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Last Updated: Thursday, 26 October 2006, 14:53 GMT 15:53 UK
Q&A: Are Premium Bonds worth it?
Hands and money
Prizes range from 50 to 1m
Premium Bonds are 50 years old. They offer a unique mix of prizes and capital protection. Sales have been soaring in recent times, why are they so popular?

What are premium bonds?

Premium Bonds were introduced in 1956, when the government tried to encourage ordinary wage earners to save by running a 'risk-free' lottery.

Now 23 million people in the UK own at least one premium bond.

February 1993: 11,000-1
May 1997: 23,066-1
Mar 2002 - Feb 2003: 28,500-1
Oct 2006 24,000-1
Odds for winning any amount. Source: National Savings & Investments.

Investors buy bonds worth 1 from the Post Office or by post from National Savings & Investments (NS&I). The minimum stake is 100, and the maximum 30,000.

Over the past few years sales have rocketed, as people look for a safe home for their investments against a backdrop of low interest rates.

The main attraction of National Savings is that they are a relatively safe investment and backed by the Treasury.

Anyone aged 16 years or over can buy Premium Bonds for themselves. Premium Bonds can be bought for children under 16 by their parents, grandparents, great grandparents or guardians.

How much can I win?

Every month Ernie (Electronic Random Number Indicator Equipment) - the computer which selects the winners - gives away around 600,000 prizes, including a 1 million jackpot - introduced in 1994 - and about 600,000 other prizes ranging from 50 to 100,000.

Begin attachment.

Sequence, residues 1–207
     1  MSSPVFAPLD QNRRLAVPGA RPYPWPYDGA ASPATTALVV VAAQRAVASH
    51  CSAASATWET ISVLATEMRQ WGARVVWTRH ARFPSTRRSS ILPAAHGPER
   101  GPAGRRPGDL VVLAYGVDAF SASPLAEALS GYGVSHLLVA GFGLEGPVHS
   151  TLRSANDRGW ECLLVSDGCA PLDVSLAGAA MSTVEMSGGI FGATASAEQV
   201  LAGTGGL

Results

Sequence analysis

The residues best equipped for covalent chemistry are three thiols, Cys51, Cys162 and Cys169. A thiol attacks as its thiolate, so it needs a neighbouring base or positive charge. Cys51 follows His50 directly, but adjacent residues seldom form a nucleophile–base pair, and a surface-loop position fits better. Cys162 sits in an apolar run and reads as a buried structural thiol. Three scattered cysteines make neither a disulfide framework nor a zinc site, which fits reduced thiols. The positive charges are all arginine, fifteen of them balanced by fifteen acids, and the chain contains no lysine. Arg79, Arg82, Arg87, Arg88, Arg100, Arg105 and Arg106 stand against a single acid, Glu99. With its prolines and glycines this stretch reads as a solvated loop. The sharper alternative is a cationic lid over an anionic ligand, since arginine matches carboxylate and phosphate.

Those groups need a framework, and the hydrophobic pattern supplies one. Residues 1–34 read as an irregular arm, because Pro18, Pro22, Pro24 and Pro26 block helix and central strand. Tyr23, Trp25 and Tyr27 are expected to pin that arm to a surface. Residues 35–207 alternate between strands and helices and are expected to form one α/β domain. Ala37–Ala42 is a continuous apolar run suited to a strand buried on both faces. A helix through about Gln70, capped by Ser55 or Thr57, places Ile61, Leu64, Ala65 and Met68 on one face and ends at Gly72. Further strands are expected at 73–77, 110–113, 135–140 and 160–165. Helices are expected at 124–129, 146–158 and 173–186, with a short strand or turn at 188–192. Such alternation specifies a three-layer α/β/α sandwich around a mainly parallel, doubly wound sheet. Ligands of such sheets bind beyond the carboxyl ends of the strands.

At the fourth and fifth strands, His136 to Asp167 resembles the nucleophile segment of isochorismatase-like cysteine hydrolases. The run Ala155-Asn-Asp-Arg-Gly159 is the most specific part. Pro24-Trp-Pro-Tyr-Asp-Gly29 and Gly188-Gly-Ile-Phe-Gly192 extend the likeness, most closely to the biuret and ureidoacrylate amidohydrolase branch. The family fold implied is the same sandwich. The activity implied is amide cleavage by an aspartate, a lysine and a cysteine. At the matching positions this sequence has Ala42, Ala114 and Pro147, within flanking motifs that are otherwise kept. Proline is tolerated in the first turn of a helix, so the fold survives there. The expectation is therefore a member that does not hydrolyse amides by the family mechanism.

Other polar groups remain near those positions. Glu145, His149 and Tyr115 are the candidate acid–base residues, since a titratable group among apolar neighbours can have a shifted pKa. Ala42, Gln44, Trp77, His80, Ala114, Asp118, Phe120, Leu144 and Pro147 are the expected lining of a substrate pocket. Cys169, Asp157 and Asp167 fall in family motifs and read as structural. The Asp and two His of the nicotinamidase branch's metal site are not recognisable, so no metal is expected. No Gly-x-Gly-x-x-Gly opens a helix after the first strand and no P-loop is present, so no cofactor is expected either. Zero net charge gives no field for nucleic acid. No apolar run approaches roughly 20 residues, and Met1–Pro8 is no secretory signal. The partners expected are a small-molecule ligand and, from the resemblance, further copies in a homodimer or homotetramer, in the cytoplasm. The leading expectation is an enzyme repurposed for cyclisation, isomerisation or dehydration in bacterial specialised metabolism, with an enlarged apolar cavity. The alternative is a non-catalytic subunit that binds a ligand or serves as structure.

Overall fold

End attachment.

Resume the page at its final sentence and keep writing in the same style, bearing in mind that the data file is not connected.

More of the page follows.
What are the main advantages?

The same bond can in theory win time and time again.

Premium Bonds can be cashed in at any time, with the only loss being the potential interest that could have been earned in a building society or other type of investment - and winnings are tax-free.

While you can't guarantee you can win, part of the fun of investing in Premium Bonds is waiting for that letter to land on the doormat saying you have won.

But will my chance of winning decrease as more people pile into them?

National Savings is keen to stress Ernie generates the winning Premium Bond numbers entirely at random.

But, according to official figures, the odds on winning are poorer than they were back in the 1990s.

In February 1993 a premium bond holder faced odds of just 11,000 to one.

A premium bond owner currently has a 24,000 to one chance of winning.

How the UK's money-making machine has changed

However, if you enjoyed average luck National Savings says you could expect to earn about 3.1% off your investment a year - not bad when many people have their money languishing in current accounts with rates as low as 0.1%.

How do I know if I have won?

Even if the odds are not as good as they once were, many people are still failing to claim their prizes.

National Savings is still looking after 500,000 unclaimed prizes worth a total of 30m.

The good news is there is no time limit on claiming prizes if the bond holder is alive.

But, unlike other NS&I savings plans, most Premium Bond prizes have to be claimed within 12 months of the holder's death.

If you think you may have won, you can request a claim form either by phone, on 0845 9645000, or at its website www.nsandi.com .

Alternatively you can check if you have won by writing to Premium Bonds, NS&I, Blackpool FY3 9YP.

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